Wednesday, November 11, 2015
Profiles in Lung Cancer - Day 11: Kelly Shannon, "We need to show the world who we are"
Nearly 4 years ago, Kelly Shannon was diagnosed with Stage 4 non-small cell adenocarcinoma with the KRAS mutation (more commonly associated with people who have smoked). Kelly was a 35 year old non-smoker when she was diagnosed in January 2012, and since then has endured numerous types of treatments from traditional chemo to 2 separate clinical trials. There aren't many options for someone with the KRAS mutation, as there are with and EGFR or ROS-1 mutations. She is now a 39 year old single mother raising two children, ages 5 and 7, while jumping from treatment to treatment in order to buy time for a KRAS treatment to come out.
She is currently on traditional chemo that is keeping her tumors stable at the moment. Her longest treatment lasted 1 1/2 years and was a clinical trial where she had to travel from her home in Rochester, NY to Memorial-Sloan Kettering in NYC. It was a very promising clinical trial for Kelly, and it wasn't expected to keep her tumors stable for as long as it did. The doctors don't know why that particular drug worked so well for Kelly. She was the last one on the trial for months, until it eventually stopped working for her, and the tumors had spread too much to allow her to continue. We need more clinical trials like this one, especially for people with the KRAS mutation. While it's been nice not having to travel for treatment, Kelly has hopes that another promising clinical trial will become available for her when it is needed. She will do anything to fight this disease.
A typical day for Kelly consists of waking up very early in the craziness of the morning to get her children off to school. Then, not unlike myself, lays back down to rest. She rests a lot, but tries to maintain a balance so she can still function and get everything she needs to get done and have time to spend with her kids. She feels lung cancer has changed her perspective on life. It's humbling. It has made her appreciate the little things. Yet it is very difficult to function as single mom, go through chemotherapy, and deal with the unknown of her future. Having a mommy with cancer is all her kids have ever known, since they were 1 and 3 when she was diagnosed. That saddens Kelly, but that's the way life is for them. She wishes it were different, but she tries to give her boys a life full of as much normalcy, fun, and love as possible. Though she has her days where she breaks down in tears as well.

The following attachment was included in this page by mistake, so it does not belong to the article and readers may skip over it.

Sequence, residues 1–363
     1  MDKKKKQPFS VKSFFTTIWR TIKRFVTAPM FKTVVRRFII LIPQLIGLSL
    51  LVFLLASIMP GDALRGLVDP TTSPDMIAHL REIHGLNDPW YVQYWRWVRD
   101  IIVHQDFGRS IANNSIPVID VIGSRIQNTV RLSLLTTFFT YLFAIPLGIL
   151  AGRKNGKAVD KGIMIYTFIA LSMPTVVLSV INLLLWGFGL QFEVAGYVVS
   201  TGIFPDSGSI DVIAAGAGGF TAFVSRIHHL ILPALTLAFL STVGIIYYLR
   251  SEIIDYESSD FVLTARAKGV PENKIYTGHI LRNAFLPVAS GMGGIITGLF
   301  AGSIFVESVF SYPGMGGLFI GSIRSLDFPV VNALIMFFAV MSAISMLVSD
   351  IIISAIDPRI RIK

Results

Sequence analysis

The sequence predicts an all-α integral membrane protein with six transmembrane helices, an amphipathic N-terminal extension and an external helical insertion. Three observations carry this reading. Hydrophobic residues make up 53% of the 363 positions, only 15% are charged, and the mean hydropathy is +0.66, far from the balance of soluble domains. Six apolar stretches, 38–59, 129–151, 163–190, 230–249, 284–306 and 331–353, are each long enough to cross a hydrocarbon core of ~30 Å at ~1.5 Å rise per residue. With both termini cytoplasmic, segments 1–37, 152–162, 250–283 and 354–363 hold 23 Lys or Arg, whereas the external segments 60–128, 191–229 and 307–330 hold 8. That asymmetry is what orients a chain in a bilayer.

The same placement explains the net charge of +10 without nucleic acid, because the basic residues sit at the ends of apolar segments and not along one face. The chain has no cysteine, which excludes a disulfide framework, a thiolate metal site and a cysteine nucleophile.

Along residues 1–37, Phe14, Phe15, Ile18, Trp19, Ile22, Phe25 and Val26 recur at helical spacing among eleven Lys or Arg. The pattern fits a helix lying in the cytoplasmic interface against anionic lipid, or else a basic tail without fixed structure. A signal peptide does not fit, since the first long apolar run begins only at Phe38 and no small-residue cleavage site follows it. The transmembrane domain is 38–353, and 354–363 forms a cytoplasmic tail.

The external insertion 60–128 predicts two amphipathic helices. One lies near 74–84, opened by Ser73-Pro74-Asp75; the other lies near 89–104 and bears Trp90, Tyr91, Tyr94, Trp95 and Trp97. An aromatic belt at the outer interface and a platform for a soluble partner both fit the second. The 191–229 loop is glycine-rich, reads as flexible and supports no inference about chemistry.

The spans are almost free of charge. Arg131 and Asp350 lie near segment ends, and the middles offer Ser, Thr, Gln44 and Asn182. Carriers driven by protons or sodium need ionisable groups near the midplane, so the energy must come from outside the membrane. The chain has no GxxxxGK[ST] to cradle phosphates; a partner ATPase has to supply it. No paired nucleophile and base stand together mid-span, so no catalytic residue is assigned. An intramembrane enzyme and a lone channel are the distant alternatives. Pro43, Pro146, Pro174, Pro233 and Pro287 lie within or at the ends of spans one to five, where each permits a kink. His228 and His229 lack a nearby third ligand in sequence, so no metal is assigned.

Something others may not know about Kelly is she is a t.v. addict. She will binge watch t.v., especially during the cycle of chemotherapy when she's feeling most fatigued. It's her break from reality and helps her get through. She loves the really stupid reality shows. I shared with her my love for the ID channel, which is my own escape. I realize we have a lot in common.
I asked Kelly what she wanted people to know about lung cancer. Her response was the same as I hear from every person who has lung cancer. Anyone with lungs can get lung cancer. She was misdiagnosed with pneumonia for 6 months, because her doctors never considered that the "healthy, never-smoked, 35 year-old" was at risk for lung cancer. She also wants people to stop the stigma associating lung cancer and smoking. Not only does it hurt all lung cancer funding, but especially hers since her mutation is most commonly associated with smokers. She feels no one deserves lung cancer, smoker or not. We don't blame people for getting other cancers, why blame people with lung cancer?
Kelly's hope stays strong based on the new advancements that are being made in the field of lung cancer research. Since her diagnosis nearly 4 years ago, she's seen a lot of progress in the amount of treatments available, and she appreciates the persistence of advocates that are working hard to increase awareness. She is trying to buy time for the next big thing in lung cancer to save her. Hope for her also comes with the support she receives from family, friends, and even strangers. Whether it be in the form of meals, help with her children, financial donations, or just someone to talk to.
Kelly feels that if others could see the real faces of lung cancer, who we are, more than what has been promoted in the mainstream media, we could get more funding. We need to show the world who we are.
Kelly Shannon pictured above with her two sons
Yesterday's post was by Tori Tomalia at www.lil-lytnin.blogspot.com about Brendon Stiles, MD.
Tomorrow's post will be Craig Blower's blog at www.craigblower.wordpress.com about Karen Loss.
All profiles can be found the day after posting on the #LCSM Chat blog at http://lcsmchat.com/ A list of links to all the profiles on the original bloggers' pages can be found on the #LCSM Chat site on the Profiles for Lung Cancer Page.